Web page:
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Wednesday, January 16, 2008

Blog gain Front Page attention from the Royal Gazette

Esme Williams (Executive Director B.B.B.S Bermuda)

On Tuesday 8th January 2008, Sam Strangeways a reporter that works with the Royal Gazette of Bermuda wrote and published a story featuring the blog “Crushing Fools;” personally I did not see the news worthiness of this blog. Miss Strangeways being a skilled professional that she is; possesses the ability to write a story on any topic and make the matter take on a level of importance. Miss Strangeways showed even me, that the blog (which was created to encourage citizen and residence of Bermuda to become more community conscious and to work together with the other agencies in the community to ensure the level of tranquility that is now experience is maintained) can be news worthy enough to make the front page of the Royal Gazette.

This story brought tremendous attention to the blog “Crushing Fools”. I must say the amount of support and encouragement I received from the Bermuda community my friends and my colleagues was overwhelming. The response from my Big Brother Big Sister (B.B.B.S) fraternity especially those which were expressed by the executive director of B.B.B.S Esme’ Williams, who after hugging me expressed a sense of pride to have me as a big brother was tremendous.

All I am trying to do, is to contribute what little I can for the community that I am thankful to be a part of at this stage of my life, until it is time for me to rejoin my friends and family in my native Land of St. Vincent and the Grenadines. It is all about giving back to this community in a very small way.

Below is the well received story as it appeared in the Royal Gazette news paper, which featured and brought attention to the blog “Crushing Fools.”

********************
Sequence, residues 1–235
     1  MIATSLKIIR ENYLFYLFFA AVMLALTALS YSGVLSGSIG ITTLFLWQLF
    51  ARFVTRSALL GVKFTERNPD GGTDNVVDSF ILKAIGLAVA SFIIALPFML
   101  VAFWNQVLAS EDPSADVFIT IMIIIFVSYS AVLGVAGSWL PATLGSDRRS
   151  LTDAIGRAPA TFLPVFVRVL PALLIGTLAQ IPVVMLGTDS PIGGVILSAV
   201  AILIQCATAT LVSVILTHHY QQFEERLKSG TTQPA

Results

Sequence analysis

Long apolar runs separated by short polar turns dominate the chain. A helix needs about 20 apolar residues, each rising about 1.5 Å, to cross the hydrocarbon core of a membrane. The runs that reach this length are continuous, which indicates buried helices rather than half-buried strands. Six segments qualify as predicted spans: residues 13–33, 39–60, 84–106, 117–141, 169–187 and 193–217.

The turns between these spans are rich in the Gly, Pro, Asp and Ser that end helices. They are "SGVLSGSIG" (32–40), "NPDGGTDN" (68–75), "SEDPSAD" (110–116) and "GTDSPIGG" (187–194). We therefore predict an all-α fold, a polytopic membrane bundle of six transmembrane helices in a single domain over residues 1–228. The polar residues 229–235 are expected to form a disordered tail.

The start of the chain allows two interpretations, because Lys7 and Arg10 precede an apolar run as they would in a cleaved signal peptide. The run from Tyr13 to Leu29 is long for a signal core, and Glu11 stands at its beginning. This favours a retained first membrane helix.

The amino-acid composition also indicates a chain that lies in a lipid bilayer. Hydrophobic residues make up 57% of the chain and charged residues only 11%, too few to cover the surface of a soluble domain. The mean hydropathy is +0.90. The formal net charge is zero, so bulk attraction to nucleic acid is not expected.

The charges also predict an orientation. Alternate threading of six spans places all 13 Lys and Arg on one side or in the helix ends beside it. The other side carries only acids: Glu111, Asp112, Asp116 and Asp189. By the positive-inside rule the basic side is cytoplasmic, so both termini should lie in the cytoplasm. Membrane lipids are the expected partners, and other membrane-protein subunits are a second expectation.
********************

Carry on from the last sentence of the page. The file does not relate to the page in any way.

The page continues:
Blogger calls for residents to 'be courageous'

By Sam Strangeways

A serving Police officer has launched an Internet blog calling on the community to "be courageous" and unite against violence and crime.
P.c. Allan Palmer, who is originally from St. Vincent and is understood to have been a policeman
in Bermuda for about four years, began posting messages on his Crushing Fools site last month — before the violence which marred the Island's Christmas celebrations.
The first entry in his online journal is titled: "It is time to take our community back."
P.c. Palmer writes that he has been told by members of the community that there are people with "sound and relevant information" on recent unsolved murders who are not coming forward.
"It was also brought to my attention that the individuals who have pertinent information that could be of evidential value and which may ensure the victims' families gain the closure they are looking for, are afraid of retaliation," he adds. "Fear is never a justified reason to cause or aid in the miscarriage of justice. Everyone that resides in this tranquil community needs to be courageous."
Father-of-three P.c. Palmer, 41, who describes himself on his website as an "independent thinker", says residents of the Island need to be put aside their fear of retaliation if they want justice to be done.
"Courage is not the absence of fear but it is the willingness to act even when you are afraid," he writes. "If we use fear to allow an offender to evade prosecution, whether it is for the offence of murder or for an offence of a less serious nature, we are only empowering the criminal."
The entry, dated December 6, 2007, concludes that Bermuda is "still a very safe community" but P.C Palmer warns: "I can see the potential for things to get out of control. It will be a shame if the citizens and residents of this tiny island are made to live in a petrified state.
"Have we adopted the 'it's not my business' mentality? For the sake of this little island, I hope not."
On December 23 — just a couple of days before the Christmas shootings which left Aquil Richardson dead and two other men injured — P.c. Palmer posted another online entry titled: "Let the stats speak to you."
In it, he argues that official Police statistics on crime leave out key categories such as assault causing actual bodily harm, willful or criminal damage and drug-related offences. He also points out rises in theft, burglary, assault causing grievous bodily harm and sexual assault between 2005 and 2006.
P.c. Palmer states that "murder has seen an unprecedented rise of 50 percent every two years. This can quickly become a frightening number. These are serious times."
There were two murders in Bermuda in 2003 and in 2004 and three in 2005 and in 2006.